And wow, the world really opened up here. Just running around a vast open green field without any monsters or objectives was freeing.

Hamlet: It’s great that you came up with same way to exploit/circumvent the little chicken minigame that I did when I was a kid.

Hyrule Field is great that way. I think nowadays we look back and it seems drab compared to modern game environments, and it can seem unnecessarily large to run around on foot for an area that’s just a hub. But it actually serves a function in giving a sense of world, and this ties into my earlier remark on the horse. You have to spend some time really in the world and get your hands on different parts of it for a while, before things like a horse let you start to focus on other tasks and move around more quickly. They strike a nice mix though, with things like the shortcuts from Lost Woods to Goron City or Zora’s River preventing too much tedious running. Hyrule Field I think is more carefully designed than it initially appears, to create just this reaction. Also, as you spend your whole game running back and forth across it, you will get increasingly familiar with each path and each odd little landmark. Many hours into the game, you’ll ride past a certain tree or rock in Hyrule Field that you know is always there and that you’ve ridden by a hundred times, and the world is that much more real to you.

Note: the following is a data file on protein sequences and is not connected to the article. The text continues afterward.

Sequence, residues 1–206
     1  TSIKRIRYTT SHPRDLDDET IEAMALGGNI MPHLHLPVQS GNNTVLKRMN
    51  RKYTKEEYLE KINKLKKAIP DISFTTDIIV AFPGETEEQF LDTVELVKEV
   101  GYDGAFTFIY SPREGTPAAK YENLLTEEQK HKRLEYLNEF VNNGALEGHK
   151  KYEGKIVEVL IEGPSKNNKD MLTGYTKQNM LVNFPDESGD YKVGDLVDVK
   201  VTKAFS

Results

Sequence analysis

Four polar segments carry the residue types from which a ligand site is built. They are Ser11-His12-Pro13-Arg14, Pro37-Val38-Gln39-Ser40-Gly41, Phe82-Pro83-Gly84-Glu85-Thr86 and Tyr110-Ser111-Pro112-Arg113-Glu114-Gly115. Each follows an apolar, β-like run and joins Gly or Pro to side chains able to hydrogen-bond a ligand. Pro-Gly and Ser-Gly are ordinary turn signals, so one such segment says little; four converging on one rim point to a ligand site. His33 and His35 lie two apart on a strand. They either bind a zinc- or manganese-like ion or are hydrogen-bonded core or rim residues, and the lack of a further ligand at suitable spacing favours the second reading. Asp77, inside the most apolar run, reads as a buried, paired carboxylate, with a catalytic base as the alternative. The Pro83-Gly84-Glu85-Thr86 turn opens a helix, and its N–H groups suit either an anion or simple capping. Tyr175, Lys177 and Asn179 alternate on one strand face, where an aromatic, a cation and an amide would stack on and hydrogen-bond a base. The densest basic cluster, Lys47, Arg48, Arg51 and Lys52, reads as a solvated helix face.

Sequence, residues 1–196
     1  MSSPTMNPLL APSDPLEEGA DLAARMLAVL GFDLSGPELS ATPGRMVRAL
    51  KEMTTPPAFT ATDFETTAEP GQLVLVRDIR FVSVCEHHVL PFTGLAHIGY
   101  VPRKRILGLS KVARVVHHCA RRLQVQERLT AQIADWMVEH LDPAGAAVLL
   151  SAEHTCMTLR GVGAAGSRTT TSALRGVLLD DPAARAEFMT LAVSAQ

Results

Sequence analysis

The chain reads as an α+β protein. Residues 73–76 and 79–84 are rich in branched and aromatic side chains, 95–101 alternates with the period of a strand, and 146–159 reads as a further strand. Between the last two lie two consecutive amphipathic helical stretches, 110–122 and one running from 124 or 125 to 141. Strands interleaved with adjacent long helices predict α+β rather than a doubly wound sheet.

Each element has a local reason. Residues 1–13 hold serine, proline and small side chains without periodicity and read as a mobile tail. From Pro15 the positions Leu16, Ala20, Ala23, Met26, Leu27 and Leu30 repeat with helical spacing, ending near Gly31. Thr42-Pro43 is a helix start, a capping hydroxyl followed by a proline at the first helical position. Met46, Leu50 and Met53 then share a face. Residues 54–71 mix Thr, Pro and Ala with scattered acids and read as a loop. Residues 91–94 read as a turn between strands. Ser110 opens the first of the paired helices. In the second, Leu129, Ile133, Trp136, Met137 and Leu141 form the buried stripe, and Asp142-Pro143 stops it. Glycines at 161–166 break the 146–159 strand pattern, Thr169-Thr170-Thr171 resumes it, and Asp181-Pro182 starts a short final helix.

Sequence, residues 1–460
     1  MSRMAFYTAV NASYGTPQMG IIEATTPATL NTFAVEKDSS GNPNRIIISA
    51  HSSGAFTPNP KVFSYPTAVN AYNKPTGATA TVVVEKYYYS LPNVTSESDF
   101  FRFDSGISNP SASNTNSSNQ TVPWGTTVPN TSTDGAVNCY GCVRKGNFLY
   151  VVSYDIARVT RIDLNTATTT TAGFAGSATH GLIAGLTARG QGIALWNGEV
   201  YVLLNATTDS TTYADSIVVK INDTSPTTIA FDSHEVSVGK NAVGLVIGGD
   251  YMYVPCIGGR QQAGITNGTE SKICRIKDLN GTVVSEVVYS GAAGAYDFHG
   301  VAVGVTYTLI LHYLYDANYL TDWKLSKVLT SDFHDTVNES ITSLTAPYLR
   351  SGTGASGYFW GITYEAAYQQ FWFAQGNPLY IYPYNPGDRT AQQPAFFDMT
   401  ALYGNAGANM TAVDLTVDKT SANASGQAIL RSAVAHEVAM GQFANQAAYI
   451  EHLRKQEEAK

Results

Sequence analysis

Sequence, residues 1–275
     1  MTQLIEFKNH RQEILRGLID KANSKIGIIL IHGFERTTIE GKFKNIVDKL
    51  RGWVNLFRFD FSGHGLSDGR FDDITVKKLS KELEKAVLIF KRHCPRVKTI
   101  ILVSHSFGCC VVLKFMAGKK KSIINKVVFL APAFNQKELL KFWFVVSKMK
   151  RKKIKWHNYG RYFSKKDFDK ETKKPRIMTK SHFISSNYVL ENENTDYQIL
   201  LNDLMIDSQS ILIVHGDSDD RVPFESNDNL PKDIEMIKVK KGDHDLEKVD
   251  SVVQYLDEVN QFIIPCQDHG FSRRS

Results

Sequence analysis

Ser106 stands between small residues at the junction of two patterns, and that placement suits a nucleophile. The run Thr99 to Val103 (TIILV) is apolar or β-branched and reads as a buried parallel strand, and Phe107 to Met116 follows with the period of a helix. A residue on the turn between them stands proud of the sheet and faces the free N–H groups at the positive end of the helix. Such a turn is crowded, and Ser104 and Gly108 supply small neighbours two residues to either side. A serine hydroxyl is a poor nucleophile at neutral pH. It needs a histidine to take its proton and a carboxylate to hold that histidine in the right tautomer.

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Notes on Ocarina of Time, Part 1: Introduction

Introduction through Meeting Zelda

Introduction